# SOLVING A HIGHER ORDER INITIAL VALUE PROBLEM

Here is an example of how you can use MATLAB to solve an initial value problem.

Section 4.2 #31

Find the solution of the inital value problem

and plot its graph. How does the solution behave as *t* tends to infinity?

Here are the equation and initial conditions.

eqn = 'D4y - 4*D3y + 4*D2y = 0' ic = 'y(1) = -1, Dy(1)=2, D2y(1)=0, D3y(1)=0'

eqn = D4y - 4*D3y + 4*D2y = 0 ic = y(1) = -1, Dy(1)=2, D2y(1)=0, D3y(1)=0

I use **dsolve** to solve the problem. This time, I give it a second argument, the initial conditions. I also tell **dsolve** what the independent variable is. If the equation only involves one variable, this isn't essential. If the equation involves more than one and you want to think of the others as parameters, it is essential to tell MATLAB which is the independent variable.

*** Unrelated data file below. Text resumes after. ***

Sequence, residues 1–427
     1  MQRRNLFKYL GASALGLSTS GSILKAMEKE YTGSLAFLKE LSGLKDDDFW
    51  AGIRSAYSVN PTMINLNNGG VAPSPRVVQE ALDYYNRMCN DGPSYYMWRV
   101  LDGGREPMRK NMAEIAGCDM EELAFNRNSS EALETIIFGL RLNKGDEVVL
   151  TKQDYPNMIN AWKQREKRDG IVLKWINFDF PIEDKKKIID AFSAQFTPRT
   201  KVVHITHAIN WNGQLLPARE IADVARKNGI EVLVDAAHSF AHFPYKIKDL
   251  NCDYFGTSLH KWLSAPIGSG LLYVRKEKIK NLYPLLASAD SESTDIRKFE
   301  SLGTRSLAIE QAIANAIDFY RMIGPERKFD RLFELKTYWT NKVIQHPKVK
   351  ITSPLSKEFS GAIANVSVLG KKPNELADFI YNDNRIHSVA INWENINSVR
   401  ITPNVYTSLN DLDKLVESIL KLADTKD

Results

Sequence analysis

```
sol = dsolve(eqn,ic,'t')
```

sol = 2*t - 3

I'll use **ezplot** to plot the solution. (Of course this one is easy to plot by hand.)

ezplot(sol)

The solution tends to infinity as *t* tends to infinity - it grows linearly.